· 1 prospective observational

· 1 interventional study

1 systematic review

· Face to face, 2 way communication

· Structured written forms, templates, or checklist

· “captures intention” share problems and hypothesis with a predictive diagnosis of the patient’s clinical situation

 

Patient’s outcome

· Advanced along clinical pathway (structured face to face)

· Reduced complications-falls (standardized interdepartmental tool

· Reduced adverse event (structured face to face)

Patient’s satisfaction

· Higher satisfaction (walking rounds)

· improved understanding of health conditions (patient participation)

 

According to author this current review is further validation of previous positive finding regarding standardization of nursing handoff. 3
Study citation:

Jukkala, A., James, D., Autrey, P., & Azuero, A. (2012). Developing a standardized tool toimprove nurse communication during shift report. Journal of Nursing Care Quality, 27(3), 240-246.

Study objective/intervention or exposures compared Design Sample (N) Intervention Outcomes studied (how measured) Results Level
To develop and pilot test a standardized tool to improve communication among nurses during shift report Quantitative Descriptive study

Quasi-experimental; one group pre/post test; Quality improvement project. A communication scale- MICU shift report scale was developed to collect data on nurses perceptions of communication during handover report. Baseline data collected; scale repeated post completion of 3 12hr shifts that utilized report tool developed by QI team

43 RNs participated in the study Inclusion criteria: RN in the MICU and work 2 shifts or more during the 2 week PDSA (Plan-Do-Study-Act) cycle (n=70)

Exclusion criteria: float pool RN or not working for 2 scheduled shifts during the PDSA period

Pre test completed by 43 (61.4%) nurses from a 25 bed MICU in large in a large academic health center (n=77). Posttest completed by 34 nurses (48.5%)

The MICU Shift Report Communication Scale (MSR) collects data on the nurse’s perception of handoff communication during shift report

Three Domains in MSR:

Communication openness, quality of information and shift report

Participates studied via minihuddles or one-on-one interactions

 

Participants in post-survey shift report scale showed lower scores indicates a more favourable overall perception of the quality and quantity of communication among nurses in the MICU. Following implementation of the new report tool (18.75 vs 17.72; t=2.23; P=0.03) indicating improvement in the perception of communication during handoff. The intervention group was not statistically different on age (mean=32.7, SD=9.48) or length of work experience

The MICU shift report communication scale may be useful to provide information to support health care organizations and nurse leaders in the evaluation of nurse communication during shift report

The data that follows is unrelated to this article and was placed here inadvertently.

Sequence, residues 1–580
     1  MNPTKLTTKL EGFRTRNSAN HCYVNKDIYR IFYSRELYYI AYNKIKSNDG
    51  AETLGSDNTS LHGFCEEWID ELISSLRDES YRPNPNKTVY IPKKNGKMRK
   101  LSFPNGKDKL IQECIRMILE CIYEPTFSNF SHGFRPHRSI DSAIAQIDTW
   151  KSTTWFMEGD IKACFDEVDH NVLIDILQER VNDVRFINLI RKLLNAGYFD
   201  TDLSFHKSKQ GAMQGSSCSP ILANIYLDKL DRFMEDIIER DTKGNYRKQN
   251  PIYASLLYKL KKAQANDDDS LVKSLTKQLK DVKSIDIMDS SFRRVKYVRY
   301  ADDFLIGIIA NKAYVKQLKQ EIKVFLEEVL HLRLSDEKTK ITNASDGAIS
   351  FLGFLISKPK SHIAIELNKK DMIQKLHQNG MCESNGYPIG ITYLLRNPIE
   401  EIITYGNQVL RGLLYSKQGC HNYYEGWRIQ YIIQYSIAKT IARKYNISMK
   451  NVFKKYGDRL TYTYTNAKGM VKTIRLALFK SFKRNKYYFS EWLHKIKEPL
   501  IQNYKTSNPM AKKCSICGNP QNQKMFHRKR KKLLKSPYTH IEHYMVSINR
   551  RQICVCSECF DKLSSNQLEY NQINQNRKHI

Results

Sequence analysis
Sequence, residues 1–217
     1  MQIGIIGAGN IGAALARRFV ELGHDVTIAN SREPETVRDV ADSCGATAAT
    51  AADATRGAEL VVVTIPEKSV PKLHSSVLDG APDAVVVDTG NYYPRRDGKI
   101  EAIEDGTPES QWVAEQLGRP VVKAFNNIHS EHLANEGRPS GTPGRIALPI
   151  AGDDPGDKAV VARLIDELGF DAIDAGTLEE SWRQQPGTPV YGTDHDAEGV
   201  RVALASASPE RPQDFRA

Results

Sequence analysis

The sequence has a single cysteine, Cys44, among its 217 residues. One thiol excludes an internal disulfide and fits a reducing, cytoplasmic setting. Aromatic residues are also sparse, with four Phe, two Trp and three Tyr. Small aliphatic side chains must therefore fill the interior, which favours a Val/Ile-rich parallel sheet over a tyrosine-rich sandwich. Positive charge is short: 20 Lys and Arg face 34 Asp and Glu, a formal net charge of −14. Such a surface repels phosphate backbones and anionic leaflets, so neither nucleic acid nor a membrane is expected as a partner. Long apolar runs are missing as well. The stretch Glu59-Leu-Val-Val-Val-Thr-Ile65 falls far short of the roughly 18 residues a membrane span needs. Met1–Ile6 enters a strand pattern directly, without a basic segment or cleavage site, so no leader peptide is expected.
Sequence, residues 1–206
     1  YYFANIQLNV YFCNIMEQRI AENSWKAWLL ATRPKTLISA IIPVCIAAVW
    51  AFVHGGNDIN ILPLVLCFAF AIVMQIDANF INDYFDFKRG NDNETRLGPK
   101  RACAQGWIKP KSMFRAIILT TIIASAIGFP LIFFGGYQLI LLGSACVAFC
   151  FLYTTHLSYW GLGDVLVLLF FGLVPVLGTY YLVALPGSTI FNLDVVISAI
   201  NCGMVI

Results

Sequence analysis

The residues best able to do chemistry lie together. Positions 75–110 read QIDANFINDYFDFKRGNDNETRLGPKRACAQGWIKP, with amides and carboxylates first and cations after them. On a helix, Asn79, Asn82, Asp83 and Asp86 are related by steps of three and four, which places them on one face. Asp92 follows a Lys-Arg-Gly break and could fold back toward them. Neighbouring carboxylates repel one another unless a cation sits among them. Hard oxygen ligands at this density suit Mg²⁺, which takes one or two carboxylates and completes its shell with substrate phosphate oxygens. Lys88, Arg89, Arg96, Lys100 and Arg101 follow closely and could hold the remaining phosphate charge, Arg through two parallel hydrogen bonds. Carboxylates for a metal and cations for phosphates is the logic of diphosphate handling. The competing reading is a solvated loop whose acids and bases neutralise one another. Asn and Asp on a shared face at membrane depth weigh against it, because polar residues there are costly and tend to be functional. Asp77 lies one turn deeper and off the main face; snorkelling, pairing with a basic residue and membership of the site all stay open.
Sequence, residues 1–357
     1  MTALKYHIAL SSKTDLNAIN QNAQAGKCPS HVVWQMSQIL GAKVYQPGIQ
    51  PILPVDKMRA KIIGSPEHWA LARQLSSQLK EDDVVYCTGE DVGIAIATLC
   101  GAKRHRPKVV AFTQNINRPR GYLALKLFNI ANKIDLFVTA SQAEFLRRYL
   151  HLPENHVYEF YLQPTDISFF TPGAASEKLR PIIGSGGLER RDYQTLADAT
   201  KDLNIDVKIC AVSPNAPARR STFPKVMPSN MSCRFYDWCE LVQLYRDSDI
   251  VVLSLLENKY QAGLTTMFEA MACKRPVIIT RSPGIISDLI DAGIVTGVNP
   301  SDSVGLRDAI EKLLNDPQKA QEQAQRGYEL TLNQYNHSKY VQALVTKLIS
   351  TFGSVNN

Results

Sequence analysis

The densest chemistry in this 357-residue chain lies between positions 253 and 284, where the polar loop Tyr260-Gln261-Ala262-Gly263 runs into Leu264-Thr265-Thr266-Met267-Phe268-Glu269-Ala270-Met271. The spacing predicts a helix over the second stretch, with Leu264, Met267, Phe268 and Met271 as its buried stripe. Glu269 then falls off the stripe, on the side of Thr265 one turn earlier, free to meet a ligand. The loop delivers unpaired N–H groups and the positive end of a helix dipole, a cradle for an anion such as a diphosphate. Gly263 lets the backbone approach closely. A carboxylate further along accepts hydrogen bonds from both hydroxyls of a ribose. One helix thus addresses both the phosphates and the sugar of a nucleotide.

· MICU MSR scores ranged from 12-27 (mean=18.78, SD=3.28)

· Scale reliability (Cronbach’s alpha=0.79)

2

 

Study citation:

McMurray, A., Chaboyer, W., Wallis, M., Johnson, J., & Gehrke, T. (2011). Patients’ perspectives of bedside nursing handover. Collegian, 18, 19-26.

 

Study objective/intervention or exposures compared Design Sample (N) Intervention Outcomes studied (how measured) Results Level
This study examined patients’ perspectives of participation in shift to shift bedside nursing handover. Qualitative descriptive case study 10 patients in one Queensland hospital.

6 female

4 males

Age (52-74)

Median 68

Inclusion criteria: English speakers, in hospital overnight, able to tolerate 30-60min interview

Exclusion: critically ill or infectious, unable to consent

Face to face interview with 9 questionnaires interview questions or surveys done in addition to the interview about ¾ to 1 hour length of interview regarding bedside handoff including its limitations, patient’s existing and potential role in handoff, the role of family members, and issues related to confidentiality

-tape recorded, transcribed, and evaluated using thematic content analysis.

 

Participants were asked their views about bedside handover during their hospitalization

Dependent variables Participants’s view about bedside handover including its benefits and limitations

Their existing and potential role in hand-off

Family members’ role and issues related to confidentiality

 

This study was not significantly different on gender, race, age, or length of hospital stay.

This analysis indicated the bedside nursing handover is an ideal practice for implementing a partnership model of care.

· Patient appreciation for participate during handoff

· Bedside handoff enhance accuracy in the information being communicated

Patient preference of Increase nurse- patient interaction during handoff

3
Study citation:

Sand, K., & Sherman, J. (2014). A quantitative assessment of patient and nurse outcomes of nursing bedside report implementation. Journal of Clinical Nursing, 23, 2854-2863.

Study objective/intervention or exposures compared Design Sample (N) Intervention Outcomes studied (how measured) Results Level
To quantify quantitative outcomes of a practice change to a blended form of a bedside nursing report

 

Quasi-experimental pre-and post implementation design All patients and RN’s in large university hospital Patients: n= 233 baseline n= 157, 3 months n= 154, 13 months Nurses: n= 148 baseline n= 98, 3 months n= 54, 13 months

 

Independent variables:

Implementing bedside nursing report at shift change

 

Dependent variables:

Improved communication, patient safety (falls) and satisfaction

5 point Likert type format

17 open ended questions provided to patients about perception of bedside report after implementation

17 online survey provided to nurses about efficiency, effectiveness, patient safety, teamwork, and demographic data

Statistically significant improvement post implementation in patient safety

Reduced falls from 20 @ baseline to 4 at 13 months

Nurses introductions (p=0.012), encouraging involvement in care (p=0.05), exchanging important information at shift change (p=0.027), and engaging a shift report discussion (p=0.042) effectiveness of communication (p=0.000), promoting patient involvement (p=0.000), and promoting patient safety(p=0.001).

2

 

 

Full-text articles assessed for eligibility �(n = 22)

 

Included

 

Eligibility

 

Screening

 

Identification

 

See narrative description for keywords and subjects

229 results generated via

search from CINAHL

Inclusion and exclusion criteria applied

�(n = )

 

 

122 articles removed by the database software after application inclusion and exclusion criteria

 

Articles remained for review

Titles and abstracts

�(n = 107)

 

85 articles excluded:

Lack of relevance to the PICO(T) question (58)

Unavaliable access to full text (27)

 

 

17 articles excluded:

Lack of controlled trial (8)

Comparison between unit orientation (not bedside report)(2)

Insufficient results (not patient saftety) (3)

Trials in units or floor other than intensive care (5)

 

 

5 final studies included